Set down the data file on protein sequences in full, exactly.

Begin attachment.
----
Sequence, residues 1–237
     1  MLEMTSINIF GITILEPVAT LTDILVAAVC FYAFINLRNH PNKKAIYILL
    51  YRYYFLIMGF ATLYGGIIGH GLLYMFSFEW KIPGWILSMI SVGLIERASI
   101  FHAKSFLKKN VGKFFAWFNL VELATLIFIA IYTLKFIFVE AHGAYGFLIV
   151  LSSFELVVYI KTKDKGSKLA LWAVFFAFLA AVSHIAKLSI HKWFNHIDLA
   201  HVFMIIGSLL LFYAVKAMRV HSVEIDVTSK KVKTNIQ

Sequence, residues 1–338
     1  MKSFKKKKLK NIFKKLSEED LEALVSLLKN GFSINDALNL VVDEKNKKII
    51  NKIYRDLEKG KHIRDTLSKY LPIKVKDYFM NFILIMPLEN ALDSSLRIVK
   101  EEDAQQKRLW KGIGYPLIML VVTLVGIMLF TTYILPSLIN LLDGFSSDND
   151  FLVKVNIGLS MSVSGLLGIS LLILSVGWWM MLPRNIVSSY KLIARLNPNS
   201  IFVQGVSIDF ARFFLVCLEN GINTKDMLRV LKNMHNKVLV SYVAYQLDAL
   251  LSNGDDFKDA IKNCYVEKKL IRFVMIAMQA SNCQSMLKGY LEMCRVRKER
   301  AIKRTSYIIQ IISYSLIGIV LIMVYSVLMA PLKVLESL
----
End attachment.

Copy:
Sequence, residues 1–237
     1  MLEMTSINIF GITILEPVAT LTDILVAAVC FYAFINLRNH PNKKAIYILL
    51  YRYYFLIMGF ATLYGGIIGH GLLYMFSFEW KIPGWILSMI SVGLIERASI
   101  FHAKSFLKKN VGKFFAWFNL VELATLIFIA IYTLKFIFVE AHGAYGFLIV
   151  LSSFELVVYI KTKDKGSKLA LWAVFFAFLA AVSHIAKLSI HKWFNHIDLA
   201  HVFMIIGSLL LFYAVKAMRV HSVEIDVTSK KVKTNIQ

Sequence, residues 1–338
     1  MKSFKKKKLK NIFKKLSEED LEALVSLLKN GFSINDALNL VVDEKNKKII
    51  NKIYRDLEKG KHIRDTLSKY LPIKVKDYFM NFILIMPLEN ALDSSLRIVK
   101  EEDAQQKRLW KGIGYPLIML VVTLVGIMLF TTYILPSLIN LLDGFSSDND
   151  FLVKVNIGLS MSVSGLLGIS LLILSVGWWM MLPRNIVSSY KLIARLNPNS
   201  IFVQGVSIDF ARFFLVCLEN GINTKDMLRV LKNMHNKVLV SYVAYQLDAL
   251  LSNGDDFKDA IKNCYVEKKL IRFVMIAMQA SNCQSMLKGY LEMCRVRKER
   301  AIKRTSYIIQ IISYSLIGIV LIMVYSVLMA PLKVLESL